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CoBank Releases Grain Elevator Outlook for 2018/19

Trade disruptions and large fall crops have had biggest impacts on grain markets this year

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CoBank has released its Grain Elevator Outlook for 2018/19.

Key points include:

  • Trade disruptions and large fall crops have had the biggest impacts on grain markets so far this year.
  • The U.S.-China trade dispute has impacted soybeans most this year with carry widening and basis weakening significantly.
  • Corn and wheat fundamentals support basis strengthening this year, while carry in the future’s market will provide a reasonable return to storage.
  • Transportation costs are largely in line with historical averages. However, elevators heavily dependent on trucking will face diesel price and trucker availability risks.

Trade disputes and large fall crops have been the major drivers of grain markets this year. Both factors have contributed to wider carry and weakened basis. Other factors outside the grain markets will also play important roles.

Rising interest rates and high diesel prices will increase costs for grain elevators. Fundamentals for both corn and wheat are promising. Demand for corn is very strong and global stocks are shrinking.

Wheat demand continues to grow while drought conditions reduced production for major U.S. export competitors including the EU, Russia, Ukraine, and Argentina.

These strong fundamentals should support good carry and a strengthening basis through the year.

A record soybean crop is poorly timed as the U.S.-China trade dispute has moved into high gear, excluding the U.S. from the Chinese market. These huge supplies and weak demand will hinder basis appreciation. However, futures market carry will incentivize soybean storage until the summer.

The report concludes that average grain elevator margins are expected to be relatively normal this year for most of the Midwest. However, elevators are cautious about the outlook.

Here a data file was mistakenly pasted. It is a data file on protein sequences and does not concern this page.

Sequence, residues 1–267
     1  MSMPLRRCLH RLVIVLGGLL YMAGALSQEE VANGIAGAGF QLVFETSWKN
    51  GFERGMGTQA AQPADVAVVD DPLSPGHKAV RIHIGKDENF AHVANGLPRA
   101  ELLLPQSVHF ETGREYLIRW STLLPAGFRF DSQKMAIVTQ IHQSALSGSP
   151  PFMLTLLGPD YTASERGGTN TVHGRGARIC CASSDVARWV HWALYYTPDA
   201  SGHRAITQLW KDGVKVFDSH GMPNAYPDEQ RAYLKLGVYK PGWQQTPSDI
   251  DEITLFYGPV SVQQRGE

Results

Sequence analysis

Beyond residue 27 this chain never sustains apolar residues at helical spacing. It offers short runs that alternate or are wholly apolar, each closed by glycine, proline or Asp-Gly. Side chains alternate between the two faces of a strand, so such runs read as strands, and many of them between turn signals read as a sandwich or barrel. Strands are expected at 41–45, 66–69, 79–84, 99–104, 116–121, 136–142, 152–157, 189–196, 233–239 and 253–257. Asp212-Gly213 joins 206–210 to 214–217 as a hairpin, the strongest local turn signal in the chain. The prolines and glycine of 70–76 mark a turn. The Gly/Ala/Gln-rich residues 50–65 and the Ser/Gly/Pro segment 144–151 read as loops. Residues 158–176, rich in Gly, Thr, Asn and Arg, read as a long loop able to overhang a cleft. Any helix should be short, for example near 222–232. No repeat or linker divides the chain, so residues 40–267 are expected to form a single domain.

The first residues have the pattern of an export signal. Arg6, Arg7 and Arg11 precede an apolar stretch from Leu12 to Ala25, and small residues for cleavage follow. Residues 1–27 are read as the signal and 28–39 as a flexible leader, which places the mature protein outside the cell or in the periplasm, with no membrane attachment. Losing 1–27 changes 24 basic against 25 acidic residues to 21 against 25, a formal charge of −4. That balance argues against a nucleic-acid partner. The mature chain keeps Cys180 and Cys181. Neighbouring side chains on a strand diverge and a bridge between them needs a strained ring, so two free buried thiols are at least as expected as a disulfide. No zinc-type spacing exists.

Trade disruptions and large crops will test the storage capacity of several elevators, especially in the Northern Plains.

While soybean margins will likely be weak in the near term, the market fundamentals of corn will support strong corn handling margins. Additionally, wheat margins will be strong as elevators benefit from healthy carry on old grain blended with this year’s quality crop.

Futures market carry will incentivize storage of these large crops, while basis will likely strengthen for corn and wheat. It is unclear how much basis appreciation soybeans will see amid weak demand and a record crop.

The keys to watch in the year ahead will be for any resolution to the trade dispute as well as the South American crop. If the trade dispute is resolved, China will buy U.S. soybeans again, but they are unlikely to return to the same levels as before. New relationships were built during this disruption with non-U.S. suppliers. Chinese buyers will not switch back right away and may not return to previous levels for several years.

Brazil is likely to have a huge soybean crop in 2019, and Brazil’s corn crop is projected to rebound from last year’s weak production due to dry weather. Additionally, Argentina is unlikely to repeat last year’s drought-reduced production levels.

As the exact size of South America’s production is revealed in the months ahead, markets will respond. A larger than expected crop will widen the carry and mute any basis appreciation, and vice versa if production falls short of projections.

While corn and wheat margins look solid on good carry and expected basis improvement, corn ownership may be difficult for some elevators to obtain. Additionally, soybean margins are uncertain for the year ahead. Elevators are confident they will make a margin on them, but the question is when.

Trade, logistics, and export competitor production will be major factors impacting margins going forward.

Read the full report here.

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